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Sum Associated with Hangman's Pay
By Richard Giedroyc, World Coin News
October 07, 2013

This article was originally printed in World Coin News.
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What was so special about the amount 13 pence halfpenny in Tyburn, England?
If you carried this specific sum of money you were carrying the hangman’s wages. The term hangman’s wages was assigned to the Scottish merk following the union of Scotland and England at which time the coin was declared current at that fee.

I just purchased some ten-penny nails in the local hardware store. What is the origin of calling them “penny” nails?
British law forbade American colonists from manufacturing their own nails, ensuring they would have to purchase their nails from England. Since nails were a scarce commodity in the American colonies the colonists resorted to burning down old buildings to recycle the nails. Due to their scarcity the nails were also traded as a form of odd and curious money. The value of nails being traded as barter was priced in English pennies. Some sold for 10 pennies per hundred, while others sold for 16 pennies per hundred. Today these are known as sixpenny and tenpenny nails for this reason.

What is the “godless” Canada half dollar of 1911?
It appears there was a lack of communication not only between God and the king, but between the Canadian Minister of Finance and the British Royal Mint. The 1911 die tools were made in England and shipped to the new Canadian branch of the Royal Mint. The Finance minister approved the die tools “presumably in his haste to speed up the arrival of the tools.” King Edward VII had died in 1910. The mint was impatiently awaiting appropriate die tools to strike coins for King George V the following year. While Edward’s coinage included the Latin legend “Edwardus VII Dei Gratia Rex Imperator” the new dies for George’s initial coinage included a legend reading “Georguis V Rex Et Ind. Imp.” Dei Gratia is Latin for “by the grace of God.” The king was not amused.

Is there a numismatic connection to the term Bah, Humbug?
The comment “Bah, Humbug” was immortalized in Charles Dickens’ story A Christmas Carol. The term “Humbug” dates at least from the time of King James II, who was busy spending nearly worthless gun money coins in Ireland following having been chased off the English throne. The gun money coins were called “ulm bog” by the local Irish, meaning the coins were a sham or a fraud. As with so many terms “ulm bog” was eventually mangled into “humbug.” Dickens added the “bah.”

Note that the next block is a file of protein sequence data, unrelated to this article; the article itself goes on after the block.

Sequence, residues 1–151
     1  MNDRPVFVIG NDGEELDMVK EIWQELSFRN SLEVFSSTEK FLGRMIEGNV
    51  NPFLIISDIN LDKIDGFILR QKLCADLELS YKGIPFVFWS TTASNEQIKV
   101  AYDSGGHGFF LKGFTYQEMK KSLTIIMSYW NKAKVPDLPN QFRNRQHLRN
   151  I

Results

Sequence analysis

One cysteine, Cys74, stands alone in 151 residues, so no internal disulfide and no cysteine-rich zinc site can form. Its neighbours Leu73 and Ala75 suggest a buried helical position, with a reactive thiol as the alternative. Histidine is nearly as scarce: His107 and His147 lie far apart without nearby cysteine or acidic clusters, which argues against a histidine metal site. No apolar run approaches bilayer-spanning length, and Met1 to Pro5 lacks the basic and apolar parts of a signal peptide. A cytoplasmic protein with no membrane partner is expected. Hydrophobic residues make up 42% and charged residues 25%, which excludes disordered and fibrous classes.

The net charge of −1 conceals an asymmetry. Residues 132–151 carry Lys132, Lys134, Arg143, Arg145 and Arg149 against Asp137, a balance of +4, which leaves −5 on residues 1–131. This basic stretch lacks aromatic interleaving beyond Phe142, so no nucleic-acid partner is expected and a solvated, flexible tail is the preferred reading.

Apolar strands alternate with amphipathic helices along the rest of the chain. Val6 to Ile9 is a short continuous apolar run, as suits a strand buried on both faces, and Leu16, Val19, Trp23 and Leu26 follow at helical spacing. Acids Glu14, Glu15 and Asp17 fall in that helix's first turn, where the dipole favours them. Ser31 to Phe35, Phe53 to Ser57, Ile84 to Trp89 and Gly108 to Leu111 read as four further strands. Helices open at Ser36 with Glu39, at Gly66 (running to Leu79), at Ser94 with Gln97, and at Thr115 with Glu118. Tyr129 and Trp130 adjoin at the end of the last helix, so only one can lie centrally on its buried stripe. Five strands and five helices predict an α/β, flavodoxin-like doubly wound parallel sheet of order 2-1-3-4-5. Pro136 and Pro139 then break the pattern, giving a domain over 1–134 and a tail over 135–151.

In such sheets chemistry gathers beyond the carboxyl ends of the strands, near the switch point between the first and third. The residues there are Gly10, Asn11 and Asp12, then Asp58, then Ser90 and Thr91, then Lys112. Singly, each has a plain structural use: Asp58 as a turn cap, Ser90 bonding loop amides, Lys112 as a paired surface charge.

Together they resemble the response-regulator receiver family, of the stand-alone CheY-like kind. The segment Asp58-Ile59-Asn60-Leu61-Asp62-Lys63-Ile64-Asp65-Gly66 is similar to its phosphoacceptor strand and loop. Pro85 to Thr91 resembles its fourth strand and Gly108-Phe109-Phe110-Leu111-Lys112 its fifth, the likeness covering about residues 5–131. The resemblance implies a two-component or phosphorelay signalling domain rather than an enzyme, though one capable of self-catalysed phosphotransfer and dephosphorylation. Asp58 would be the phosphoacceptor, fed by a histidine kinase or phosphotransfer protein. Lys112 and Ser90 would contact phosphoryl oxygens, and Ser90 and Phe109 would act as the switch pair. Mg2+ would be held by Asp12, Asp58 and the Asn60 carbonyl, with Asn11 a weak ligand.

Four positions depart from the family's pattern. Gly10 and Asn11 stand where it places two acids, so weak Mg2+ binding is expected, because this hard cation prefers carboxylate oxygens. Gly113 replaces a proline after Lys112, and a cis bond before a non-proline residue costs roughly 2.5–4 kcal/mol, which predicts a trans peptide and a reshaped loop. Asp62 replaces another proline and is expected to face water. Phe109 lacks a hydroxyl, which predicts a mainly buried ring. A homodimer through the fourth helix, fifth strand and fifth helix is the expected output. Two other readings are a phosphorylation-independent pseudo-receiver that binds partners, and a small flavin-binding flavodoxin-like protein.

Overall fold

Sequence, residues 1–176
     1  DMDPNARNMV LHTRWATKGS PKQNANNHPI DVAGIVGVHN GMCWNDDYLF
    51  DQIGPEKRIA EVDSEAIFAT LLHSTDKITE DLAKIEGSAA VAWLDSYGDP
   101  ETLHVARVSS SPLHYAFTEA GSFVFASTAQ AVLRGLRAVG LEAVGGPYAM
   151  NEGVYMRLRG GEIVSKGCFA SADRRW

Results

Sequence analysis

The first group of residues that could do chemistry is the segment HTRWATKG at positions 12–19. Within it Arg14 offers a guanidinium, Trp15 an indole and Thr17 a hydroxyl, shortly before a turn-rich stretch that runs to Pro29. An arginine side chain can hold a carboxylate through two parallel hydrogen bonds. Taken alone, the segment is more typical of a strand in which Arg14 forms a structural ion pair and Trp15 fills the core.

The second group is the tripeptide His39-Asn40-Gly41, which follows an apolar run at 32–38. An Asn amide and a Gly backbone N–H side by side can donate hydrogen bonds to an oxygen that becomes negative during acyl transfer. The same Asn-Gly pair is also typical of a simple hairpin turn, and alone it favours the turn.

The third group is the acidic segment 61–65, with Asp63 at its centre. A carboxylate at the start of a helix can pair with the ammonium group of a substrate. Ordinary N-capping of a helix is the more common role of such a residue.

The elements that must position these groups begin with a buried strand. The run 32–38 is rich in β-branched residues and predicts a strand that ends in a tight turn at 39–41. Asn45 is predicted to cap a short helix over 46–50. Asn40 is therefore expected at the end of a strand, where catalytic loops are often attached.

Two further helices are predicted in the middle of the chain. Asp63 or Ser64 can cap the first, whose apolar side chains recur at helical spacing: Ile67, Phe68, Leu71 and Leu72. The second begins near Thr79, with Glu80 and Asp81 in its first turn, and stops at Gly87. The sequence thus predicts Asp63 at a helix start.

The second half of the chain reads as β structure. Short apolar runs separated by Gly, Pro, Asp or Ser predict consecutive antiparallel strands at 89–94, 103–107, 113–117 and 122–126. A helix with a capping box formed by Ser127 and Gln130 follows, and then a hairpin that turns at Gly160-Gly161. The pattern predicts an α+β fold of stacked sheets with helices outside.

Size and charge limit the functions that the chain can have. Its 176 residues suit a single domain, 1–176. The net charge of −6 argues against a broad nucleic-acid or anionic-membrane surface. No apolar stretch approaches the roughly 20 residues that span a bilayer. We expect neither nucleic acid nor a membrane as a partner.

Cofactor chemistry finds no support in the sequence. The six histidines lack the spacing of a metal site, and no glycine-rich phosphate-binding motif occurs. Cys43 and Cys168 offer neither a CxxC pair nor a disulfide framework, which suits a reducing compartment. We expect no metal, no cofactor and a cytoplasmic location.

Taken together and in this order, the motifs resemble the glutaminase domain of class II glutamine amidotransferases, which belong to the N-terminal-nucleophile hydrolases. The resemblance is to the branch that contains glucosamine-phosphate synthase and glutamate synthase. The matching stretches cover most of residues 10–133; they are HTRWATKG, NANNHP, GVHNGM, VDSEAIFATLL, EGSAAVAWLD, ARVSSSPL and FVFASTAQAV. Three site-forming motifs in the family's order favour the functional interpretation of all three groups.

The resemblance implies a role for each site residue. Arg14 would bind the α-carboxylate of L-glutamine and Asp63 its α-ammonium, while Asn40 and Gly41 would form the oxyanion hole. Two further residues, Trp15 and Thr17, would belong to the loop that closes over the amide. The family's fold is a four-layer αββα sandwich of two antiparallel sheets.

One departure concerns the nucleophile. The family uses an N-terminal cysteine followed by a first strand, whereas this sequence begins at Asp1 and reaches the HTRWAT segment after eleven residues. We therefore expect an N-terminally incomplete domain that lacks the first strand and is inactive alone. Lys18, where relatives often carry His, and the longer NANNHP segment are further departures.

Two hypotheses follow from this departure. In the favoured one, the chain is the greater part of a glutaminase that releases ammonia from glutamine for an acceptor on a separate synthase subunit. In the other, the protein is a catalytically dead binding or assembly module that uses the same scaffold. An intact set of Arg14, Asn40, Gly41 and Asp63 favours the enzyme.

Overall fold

I’ve heard of Flussgelddukaten coins, but what exactly are they?
Flussgelddukaten are German gold coins of the 17th to the 19th centuries on which the legend or iconography identify the gold content as originating from local rivers. The English equivalent to Flussgelddukaten is river gold ducat. Coins struck by various German principalities between the 17th and 19th centuries using gold-bearing sand from the Danube, Edder, Inn, Isar, Rhine, and Schwarza rivers are the true Flussgelddukaten coins.

I’ve been told by coin dealers my Spanish colonial coin recovered from a treasure ship is worth much less than I paid for it. Why the disparity?
The word “treasure” has become a marketing tool used by companies selling coins recovered from 16th to 18th century Spanish ships and others. The public loves the word treasure, but is oblivious to the fact these coins have been recovered in large numbers, which means they are not rare. Since the coins were recovered from the sea, this also means they have environmental damage, even if they are restored. Logic would tell us the established price for coins of this type should go down when such finds are offered publicly, but due to the psychology of the word treasure, the price goes up – until the initial buyer enthusiasm passes and the coin enters the more discriminating collector markets.

British Trade Dollar coins were struck at several mints. Where do I find the mintmark?
The mintmark on British Trade Dollars appears as a small letter at the prongs of the trident being held by Britannia.

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